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Experiments, Experiences and Philosophy
History of Sound
"Now" is, when the Past Touches the Future
While I was putting together the following list of events and inventions and ideas and approaches I became aware of, how intensive science and art and business have always worked on each other causing the development in music, sound and sound design, that we have been priviledged to perceive – and are still perceiving.
My often quite blurred view got clear – suddenly I discovered, how far back the roots of .i.e. granular approaches of processing sound do really reach (far beyond the 1950ies).
I got aware of the dialectical relationship between technical inventions and musical ideas. and how interwoven things appear to be, when looked at in a historical context.
I got aware of all of that. And suddenly I felt happy again, happy about the things I´m doing with sound, happy because I understood: I´m not alone, not alone in my studio, but I´m a part, a very small one, but a part a long history. I am working in the tradition of all of these great people and amazing inventions and artful ideas.
And perhaps artists like Varése or Xenakis or even Stockhausen are hovering in the air behind me looking over my shoulders, smiling and saying: “Well, he has tried again.”
The barrel organs of the 14th century can be seen as the first musical sequencers.
In the 16th century the Dutch scientist Isaac Beeckmann stated, that vibrating sources send “corpuscles” - kind of sonic atoms – into the air. An early way of thinking about sonic grains.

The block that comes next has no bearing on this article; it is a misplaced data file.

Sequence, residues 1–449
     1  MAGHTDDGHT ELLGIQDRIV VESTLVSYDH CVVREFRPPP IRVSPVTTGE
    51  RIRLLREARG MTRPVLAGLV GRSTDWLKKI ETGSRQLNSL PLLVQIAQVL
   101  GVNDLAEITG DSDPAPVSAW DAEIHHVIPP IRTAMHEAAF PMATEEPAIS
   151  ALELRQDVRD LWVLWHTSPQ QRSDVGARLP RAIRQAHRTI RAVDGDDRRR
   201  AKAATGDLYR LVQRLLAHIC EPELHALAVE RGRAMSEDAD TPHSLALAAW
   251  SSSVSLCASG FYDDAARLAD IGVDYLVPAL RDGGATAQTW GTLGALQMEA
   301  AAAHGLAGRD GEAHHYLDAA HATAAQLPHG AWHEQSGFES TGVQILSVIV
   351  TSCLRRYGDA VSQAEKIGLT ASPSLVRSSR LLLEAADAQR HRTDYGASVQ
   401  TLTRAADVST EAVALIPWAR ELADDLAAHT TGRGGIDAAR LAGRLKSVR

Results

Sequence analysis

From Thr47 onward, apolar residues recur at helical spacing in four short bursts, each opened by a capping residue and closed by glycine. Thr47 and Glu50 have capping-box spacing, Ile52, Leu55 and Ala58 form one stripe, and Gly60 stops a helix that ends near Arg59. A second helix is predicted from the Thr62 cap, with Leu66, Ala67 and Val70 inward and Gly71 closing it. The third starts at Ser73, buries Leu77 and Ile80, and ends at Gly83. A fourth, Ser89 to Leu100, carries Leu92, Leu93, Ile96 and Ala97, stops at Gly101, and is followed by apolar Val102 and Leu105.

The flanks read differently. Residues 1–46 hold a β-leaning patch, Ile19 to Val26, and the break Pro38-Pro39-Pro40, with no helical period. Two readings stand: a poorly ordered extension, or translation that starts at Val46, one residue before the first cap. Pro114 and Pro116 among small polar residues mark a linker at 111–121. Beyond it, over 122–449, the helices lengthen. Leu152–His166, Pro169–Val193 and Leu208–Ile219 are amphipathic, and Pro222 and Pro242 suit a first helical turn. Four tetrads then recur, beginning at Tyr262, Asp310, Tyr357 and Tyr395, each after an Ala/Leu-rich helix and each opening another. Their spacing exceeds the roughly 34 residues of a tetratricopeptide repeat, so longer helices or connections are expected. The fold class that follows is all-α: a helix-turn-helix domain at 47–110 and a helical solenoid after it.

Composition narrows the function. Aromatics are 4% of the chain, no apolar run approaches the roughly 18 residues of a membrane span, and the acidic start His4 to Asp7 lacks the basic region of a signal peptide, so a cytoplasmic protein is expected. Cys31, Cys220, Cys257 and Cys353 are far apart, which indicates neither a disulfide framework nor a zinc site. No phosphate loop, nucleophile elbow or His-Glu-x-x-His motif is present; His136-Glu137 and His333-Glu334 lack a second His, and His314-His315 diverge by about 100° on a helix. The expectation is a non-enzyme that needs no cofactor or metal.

In 1876 Elisha Grey invented the Musical Telegraph, one of the earliest electric musical instruments.
The mechanical phonograph is invented in the late 19th century.
late 19th century
In 1896 Thaddeus Cahill invented the Telharmonium, an electrical organ weighing 200 tons and being driven by 12 steam-powered electromagnetic generators.
In 1906 Lee de Forest invented the amplifying vacuum tube called the Audion tube, on which his Audion Piano of 1915 was based.
Luigi Russolo writes his manifesto “The Art of Noise” in 1913.
In 1919 Leon Theremin constructed his instrument, that was played by moving one´s hands between two antennas. It was used in a lot of horro film sound tracks.
In 1929 Edouard Coupleux and Joseph Givelet build the Couplex-Givelet Synthesizer – first time of using the term “Synthesizer”.
In the 1930 Friedrich Trautwein and Oskar Sala worked on the Trautonium, which was played by pressing a steel wire onto a bar.
In 1934 the Hammond organ, an electronic tonewheel organ, was invented.
In 1935 Yamaha released Magna Organ, a multi-timbral keyboard based on electrically blown reeds with pickups.
The first practical audio tape recorder was unveiled in 1935.
Harald Bode constructed a 4-voice keyboard with formant filters and a dynamic envelope controller called Warbo Formant Organ in 1937.